"His main purpose is to make sure Floridians can remain in their houses," the governor's spokesman, Sterling Ivey, told=2 0TIME. "He's talking about Floridians who are working and trying to make ends meet every day. Not those who bought five homes during the housing bubble." (Read Will E-Retailers Have a Letdown?.)
Details of the plan are sketchy, but Ivey says the Governor favors the approach taken by California Gov. Arnold Schwarzenegger a proposed 90-day freeze that could conceivably give struggling homeowners the ability to renegotiate their loans to more favorable terms. However, the California plan, as envisioned by Schwarzenegger, would require banks to put in place a 90-day moratorium, while Crist is said to angling for voluntary participation by banks (California's legislature has yet to approve Governor Schwarzenegger's plan.) It remains unclear whether Crist will seek or even needs legislative approval for his plan, especially if the banks agree to the moratorium on their own. According to Ivey, Crist could make an announcement on his foreclosure plan as early as this week.
The help comes none too soon, as the Florida housing market, particularly in the tri-county area of Miami-Dade, Broward and Palm Beach counties, founders under the weight of tens of thousands of foreclosures. And the problem is only getting worse. (Read Exclusive Mutual Funds Reopen for Business.)
One indicator of the severity of the crisis is the number of homes ending up in the hands of banks, which really don't want to be in the real estate business. These properties are known as "real estate owned" or REOs, which is typically a house or condo that gets repossessed by the lender, usually after failing to sell at a foreclosure auction.
The number of REOs is skyrocketing. The first three quarters of 2008 show a spike of 190% in REOs in the South Florida tri-county area, according the real estate consultancy firm, Condo Vultures of Bal Harbour. The number of Miami-Dade properties turned over to lenders by the courts so far this year is 8,656. That's up 188% from last year's total of 3,009 during the first three quarters. Similar spikes occurred in Broward County, with a 215% hike, from 2,339 to 7,370. Palm Beach County saw an increase of 145%, jumping from 1,197 to 2,934.
Still, those numbers are just a portion of the overall foreclosures in South Florida. Peter Zalewski, founder of Condo Vultures, projects that nearly 75,000 properties in the tri-county area will slip into foreclosure this year, up from 33,154 last year.
"Foreclosures more than doubled in '08 compared to '07, year over year," Zalewski says. Creeping unemployment, tight credit and property devaluation, where the home is worth less than the amount owed on the mortgage, all tend to indicate the problem will only get worse. "Short of a government intervention, I would envision that we continue to grow higher and higher and higher," he predicts. "I wouldn't be surprised if we approached 100,000 [foreclosures"] in 2009, short of government intervention."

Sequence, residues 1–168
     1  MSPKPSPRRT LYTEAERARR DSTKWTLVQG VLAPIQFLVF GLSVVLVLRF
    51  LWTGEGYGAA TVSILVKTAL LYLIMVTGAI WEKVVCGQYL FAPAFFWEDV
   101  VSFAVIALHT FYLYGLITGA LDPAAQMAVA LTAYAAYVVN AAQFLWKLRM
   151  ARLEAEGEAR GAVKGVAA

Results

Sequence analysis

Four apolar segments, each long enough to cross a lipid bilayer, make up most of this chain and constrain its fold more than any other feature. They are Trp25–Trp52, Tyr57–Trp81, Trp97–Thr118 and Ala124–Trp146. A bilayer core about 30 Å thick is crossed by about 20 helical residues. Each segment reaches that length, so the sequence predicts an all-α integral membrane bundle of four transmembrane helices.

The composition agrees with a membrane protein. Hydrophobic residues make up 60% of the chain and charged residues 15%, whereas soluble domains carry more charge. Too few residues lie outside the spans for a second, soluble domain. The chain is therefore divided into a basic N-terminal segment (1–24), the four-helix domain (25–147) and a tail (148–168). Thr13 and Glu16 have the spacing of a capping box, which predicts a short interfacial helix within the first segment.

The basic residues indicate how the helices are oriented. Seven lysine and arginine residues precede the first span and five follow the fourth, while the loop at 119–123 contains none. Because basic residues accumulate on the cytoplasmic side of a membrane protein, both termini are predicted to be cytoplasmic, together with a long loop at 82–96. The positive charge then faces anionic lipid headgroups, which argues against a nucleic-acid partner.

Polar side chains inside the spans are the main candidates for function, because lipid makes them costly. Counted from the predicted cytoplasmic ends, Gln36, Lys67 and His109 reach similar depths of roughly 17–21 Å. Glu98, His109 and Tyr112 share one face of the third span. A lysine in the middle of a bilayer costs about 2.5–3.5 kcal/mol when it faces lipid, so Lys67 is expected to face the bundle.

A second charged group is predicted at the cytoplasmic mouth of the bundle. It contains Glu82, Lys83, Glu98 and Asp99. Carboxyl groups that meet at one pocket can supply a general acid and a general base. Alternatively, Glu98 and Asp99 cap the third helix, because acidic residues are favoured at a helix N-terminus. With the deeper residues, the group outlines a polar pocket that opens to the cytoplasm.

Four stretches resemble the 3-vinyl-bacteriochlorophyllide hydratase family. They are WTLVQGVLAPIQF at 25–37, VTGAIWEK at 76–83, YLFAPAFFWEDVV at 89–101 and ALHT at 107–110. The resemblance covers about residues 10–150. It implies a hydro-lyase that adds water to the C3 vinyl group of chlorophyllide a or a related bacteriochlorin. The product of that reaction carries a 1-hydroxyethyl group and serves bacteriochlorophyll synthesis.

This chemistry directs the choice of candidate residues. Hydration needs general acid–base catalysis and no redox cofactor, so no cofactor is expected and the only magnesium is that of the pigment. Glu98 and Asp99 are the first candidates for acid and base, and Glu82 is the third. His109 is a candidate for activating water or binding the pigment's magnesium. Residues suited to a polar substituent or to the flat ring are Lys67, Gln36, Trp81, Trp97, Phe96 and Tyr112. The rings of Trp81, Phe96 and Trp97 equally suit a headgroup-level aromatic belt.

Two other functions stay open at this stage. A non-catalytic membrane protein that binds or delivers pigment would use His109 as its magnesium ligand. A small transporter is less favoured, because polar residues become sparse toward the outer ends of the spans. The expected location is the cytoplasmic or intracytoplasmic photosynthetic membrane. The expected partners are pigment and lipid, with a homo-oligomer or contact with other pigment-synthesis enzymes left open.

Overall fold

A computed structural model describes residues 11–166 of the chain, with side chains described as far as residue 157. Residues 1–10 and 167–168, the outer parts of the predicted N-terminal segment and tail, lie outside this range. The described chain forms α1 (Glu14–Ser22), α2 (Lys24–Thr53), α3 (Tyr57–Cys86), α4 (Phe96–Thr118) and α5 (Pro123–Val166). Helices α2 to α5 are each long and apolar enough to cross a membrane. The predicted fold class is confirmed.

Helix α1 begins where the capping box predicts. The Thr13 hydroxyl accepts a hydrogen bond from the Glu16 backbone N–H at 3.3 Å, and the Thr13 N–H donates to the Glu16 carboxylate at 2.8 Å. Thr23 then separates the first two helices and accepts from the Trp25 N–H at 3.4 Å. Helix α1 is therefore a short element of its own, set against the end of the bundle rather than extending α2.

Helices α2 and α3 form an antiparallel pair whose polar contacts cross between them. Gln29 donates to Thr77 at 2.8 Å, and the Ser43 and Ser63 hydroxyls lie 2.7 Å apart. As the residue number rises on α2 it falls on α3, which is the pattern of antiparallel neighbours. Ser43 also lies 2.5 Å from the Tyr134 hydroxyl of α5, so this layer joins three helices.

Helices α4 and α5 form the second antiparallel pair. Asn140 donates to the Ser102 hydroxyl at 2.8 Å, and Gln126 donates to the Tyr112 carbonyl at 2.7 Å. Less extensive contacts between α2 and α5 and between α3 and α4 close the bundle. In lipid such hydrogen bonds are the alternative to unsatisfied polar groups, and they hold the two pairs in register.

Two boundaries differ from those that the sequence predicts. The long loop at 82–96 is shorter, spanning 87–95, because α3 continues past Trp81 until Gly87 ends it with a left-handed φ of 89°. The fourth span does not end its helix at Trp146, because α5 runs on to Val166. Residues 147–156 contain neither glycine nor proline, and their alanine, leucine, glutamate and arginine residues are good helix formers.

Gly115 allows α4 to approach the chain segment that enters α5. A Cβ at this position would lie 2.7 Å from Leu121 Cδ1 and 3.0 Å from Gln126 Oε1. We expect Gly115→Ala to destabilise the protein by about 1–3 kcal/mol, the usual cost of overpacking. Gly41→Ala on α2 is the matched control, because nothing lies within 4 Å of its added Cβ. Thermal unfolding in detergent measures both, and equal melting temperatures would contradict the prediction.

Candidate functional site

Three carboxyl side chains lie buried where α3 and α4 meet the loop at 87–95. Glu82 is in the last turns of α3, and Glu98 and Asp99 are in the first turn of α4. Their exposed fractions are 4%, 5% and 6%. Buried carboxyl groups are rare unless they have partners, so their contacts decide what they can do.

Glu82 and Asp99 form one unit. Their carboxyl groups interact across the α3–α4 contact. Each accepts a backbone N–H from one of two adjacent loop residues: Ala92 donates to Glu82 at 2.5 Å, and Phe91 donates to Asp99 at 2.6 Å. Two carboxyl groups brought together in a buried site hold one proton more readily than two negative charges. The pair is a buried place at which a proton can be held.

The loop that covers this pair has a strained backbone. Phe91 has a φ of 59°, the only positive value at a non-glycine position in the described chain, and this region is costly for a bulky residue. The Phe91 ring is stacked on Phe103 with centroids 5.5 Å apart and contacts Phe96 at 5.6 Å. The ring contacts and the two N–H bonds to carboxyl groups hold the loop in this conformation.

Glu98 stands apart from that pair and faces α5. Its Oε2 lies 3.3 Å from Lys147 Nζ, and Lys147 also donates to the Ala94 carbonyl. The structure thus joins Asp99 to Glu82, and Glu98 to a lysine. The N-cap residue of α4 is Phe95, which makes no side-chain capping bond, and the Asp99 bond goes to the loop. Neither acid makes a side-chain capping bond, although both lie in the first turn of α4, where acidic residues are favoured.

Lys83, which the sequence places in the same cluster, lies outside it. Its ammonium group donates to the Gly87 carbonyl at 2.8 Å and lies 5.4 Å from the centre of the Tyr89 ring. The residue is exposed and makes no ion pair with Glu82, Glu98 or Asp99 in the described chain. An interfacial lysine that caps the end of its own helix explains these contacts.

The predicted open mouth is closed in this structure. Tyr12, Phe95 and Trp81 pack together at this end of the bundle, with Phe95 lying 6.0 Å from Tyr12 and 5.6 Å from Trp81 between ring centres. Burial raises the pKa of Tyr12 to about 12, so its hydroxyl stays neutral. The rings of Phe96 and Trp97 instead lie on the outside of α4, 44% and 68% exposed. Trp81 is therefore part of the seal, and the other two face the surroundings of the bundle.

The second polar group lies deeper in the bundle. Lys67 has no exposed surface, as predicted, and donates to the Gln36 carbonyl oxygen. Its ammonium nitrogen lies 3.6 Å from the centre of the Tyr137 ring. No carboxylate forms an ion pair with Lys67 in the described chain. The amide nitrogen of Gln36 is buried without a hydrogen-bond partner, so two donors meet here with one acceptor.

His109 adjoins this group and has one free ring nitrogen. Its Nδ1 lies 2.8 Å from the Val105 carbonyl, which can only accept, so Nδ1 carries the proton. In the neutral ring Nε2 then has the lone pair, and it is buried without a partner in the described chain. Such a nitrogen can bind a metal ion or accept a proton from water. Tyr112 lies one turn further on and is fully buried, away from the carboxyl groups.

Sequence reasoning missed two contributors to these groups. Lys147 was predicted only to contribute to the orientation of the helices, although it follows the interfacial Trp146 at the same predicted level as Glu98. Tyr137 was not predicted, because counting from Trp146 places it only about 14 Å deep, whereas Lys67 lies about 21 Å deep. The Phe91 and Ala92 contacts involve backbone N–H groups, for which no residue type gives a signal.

The governors are stepping up to ease the problem before it gets too far out of hand, Zalewski says. "That's why you're seeing the Charlie Crists of the world and the Arnold Schwarzeneggers of the world try to take steps to impose moratoriums on foreclosures, because the problem is so overwhelming," he says, adding that a 90-day moratorium should provide homeowners with the chance to refinance their loans and will dovetail with the incoming Obama administration, which holds out hope of providing financial relief to Main Street USA. (Read Four Steps to Ending the Foreclosure Crisis).
The moratorium ultimately may help the banks, particularly if it decreases the number of REOs they must contend with. By staving off foreclosures the banks also benefit when it comes to condos because in Florida the lender has to settle up condo fees for the past six months when they take a property into receivership.
The Schwarzenegger plan would give banks and mortgage servicing companies an out. If they don't want to wait the 90 days, they could agree to temporary interest-rate cuts to reduce the homeowner's monthly payments to an affordable amount. The idea is to make it possible for homeowners to pay their mortgages rather than writing off their debt as bad loans.
About the only bright spot with the current housing crisis is that the median cost for housing is dropping. The Greater Fort Lauderdale area shows a drop in its median condo prices, from $160,000 last year to $115,000 today, according to the Realtor Association of Greater Fort Lauderdale. That's good for those who have money in their pockets or access to credit. While homes in the area may be more affordable, some potential buyers are having trouble coming up with the money to purchase them. But for now, Florida's governor would be happy to help homeowners find a way to afford what they've already bought.